Intestinal mucosal mast cells from rats infected with Nippostrongylus brasiliensis contain protease-resistant chondroitin sulfate di-B proteoglycans. Academic Article uri icon

  •  
  • Overview
  •  
  • Research
  •  
  • Identity
  •  
  • Additional Document Info
  •  
  • View All
  •  

abstract

  • Rats infected with the helminth Nippostrongylus brasiliensis were injected i.p. with 2 mCi of [35S] sulfate on days 13, 15, 17, and 19 after infection. The intestines were removed from animals on day 20 or 21 after infection, the intestinal cells were obtained by collagenase treatment and mechanical dispersion of the tissue, and the 35S-labeled mucosal mast cells (MMC) were enriched to 60 to 65% purity by Percoll centrifugation. The cell-associated 35S-labeled proteoglycans were extracted from the MMC-enriched cell preparation by the addition of detergent and 4 M guanidine HCl and were partially purified by density gradient centrifugation. The isolated proteoglycans were of approximately 150,000 m.w., were resistant to pronase degradation, and contained highly sulfated chondroitin sulfate side chains. Analysis by high-performance liquid chromatography of chondroitinase ABC-treated 35S-labeled proteoglycans from these rat MMC revealed that the chondroitin sulfate chains consisted predominantly of disaccharides with the disulfated di-B structure (IdUA-2SO4----GalNAc-4SO4) and disaccharides with the monosulfated A structure (G1cUA----GalNAc-4SO4). The ratio of disaccharides of the di-B to A structure ranged from 0.4 to 1.6 in three experiments. Small amounts of chondroitin sulfate E disaccharides (GlcUA----GalNAc-4,6-diSO4) were also detected in the chondroitinase ABC digests of the purified rat MMC proteoglycans, but no nitrous acid-susceptible heparin/heparan sulfate glycosaminoglycans were detected. The presence in normal mammalian cells of chondroitin sulfate proteoglycans that contain such a high percentage of the unusual disulfated di-B disaccharide has not been previously reported. The rat intestinal MMC proteoglycans are the first chondroitin sulfate proteoglycans that have been isolated from an enriched population of normal mast cells. They are homologous to the chondroitin sulfate-rich proteoglycans of the transformed rat basophilic leukemia-1 cell and the cultured interleukin 3-dependent mouse bone marrow-derived mast cell, in that these chondroitin sulfate proteoglycans as well as rat serosal mast cell heparin proteoglycans are all highly sulfated, protease-resistant proteoglycans.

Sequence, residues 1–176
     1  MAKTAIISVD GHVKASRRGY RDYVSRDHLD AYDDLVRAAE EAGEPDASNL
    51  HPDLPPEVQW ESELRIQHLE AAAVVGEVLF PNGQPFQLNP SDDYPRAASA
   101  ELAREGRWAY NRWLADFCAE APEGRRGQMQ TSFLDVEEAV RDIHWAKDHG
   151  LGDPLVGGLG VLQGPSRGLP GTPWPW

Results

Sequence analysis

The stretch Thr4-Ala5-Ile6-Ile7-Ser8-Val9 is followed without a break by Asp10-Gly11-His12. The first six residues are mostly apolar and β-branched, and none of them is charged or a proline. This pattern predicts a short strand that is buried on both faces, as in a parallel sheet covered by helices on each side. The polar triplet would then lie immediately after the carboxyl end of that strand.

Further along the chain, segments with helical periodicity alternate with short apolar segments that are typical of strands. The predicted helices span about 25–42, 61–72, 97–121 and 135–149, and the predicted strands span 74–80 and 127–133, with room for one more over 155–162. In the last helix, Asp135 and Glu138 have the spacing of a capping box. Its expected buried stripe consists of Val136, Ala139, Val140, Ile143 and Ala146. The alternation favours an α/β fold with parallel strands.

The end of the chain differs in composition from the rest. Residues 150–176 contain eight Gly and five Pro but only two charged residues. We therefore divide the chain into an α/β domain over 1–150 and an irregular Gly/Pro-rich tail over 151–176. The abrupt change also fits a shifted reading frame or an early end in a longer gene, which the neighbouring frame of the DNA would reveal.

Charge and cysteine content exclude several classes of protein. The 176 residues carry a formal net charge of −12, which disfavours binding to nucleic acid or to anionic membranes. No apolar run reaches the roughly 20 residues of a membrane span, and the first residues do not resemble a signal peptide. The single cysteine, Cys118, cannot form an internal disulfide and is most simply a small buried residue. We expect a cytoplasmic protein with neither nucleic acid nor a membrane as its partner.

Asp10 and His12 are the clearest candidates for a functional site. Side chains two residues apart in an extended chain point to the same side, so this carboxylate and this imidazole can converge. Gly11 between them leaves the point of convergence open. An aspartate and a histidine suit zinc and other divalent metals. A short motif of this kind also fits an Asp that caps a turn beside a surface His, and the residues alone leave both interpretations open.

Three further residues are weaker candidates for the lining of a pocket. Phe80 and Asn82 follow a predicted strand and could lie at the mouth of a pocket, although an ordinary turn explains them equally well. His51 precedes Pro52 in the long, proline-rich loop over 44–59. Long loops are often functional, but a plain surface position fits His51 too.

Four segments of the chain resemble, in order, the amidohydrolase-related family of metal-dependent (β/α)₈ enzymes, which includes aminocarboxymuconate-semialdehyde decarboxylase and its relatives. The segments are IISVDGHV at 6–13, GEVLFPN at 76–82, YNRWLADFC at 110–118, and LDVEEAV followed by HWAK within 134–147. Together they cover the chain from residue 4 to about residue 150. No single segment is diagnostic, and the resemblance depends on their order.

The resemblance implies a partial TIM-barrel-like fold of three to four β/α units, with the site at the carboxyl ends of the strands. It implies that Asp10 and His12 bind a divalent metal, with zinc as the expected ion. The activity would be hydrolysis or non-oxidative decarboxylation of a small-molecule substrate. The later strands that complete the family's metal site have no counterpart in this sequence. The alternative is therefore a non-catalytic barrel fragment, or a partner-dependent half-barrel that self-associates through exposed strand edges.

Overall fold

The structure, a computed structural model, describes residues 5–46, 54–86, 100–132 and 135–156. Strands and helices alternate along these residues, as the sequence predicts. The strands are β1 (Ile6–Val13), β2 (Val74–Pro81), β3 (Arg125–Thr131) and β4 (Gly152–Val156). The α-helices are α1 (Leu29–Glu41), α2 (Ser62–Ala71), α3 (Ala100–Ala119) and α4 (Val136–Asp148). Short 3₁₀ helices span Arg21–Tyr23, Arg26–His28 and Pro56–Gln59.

publication date

  • July 1, 1986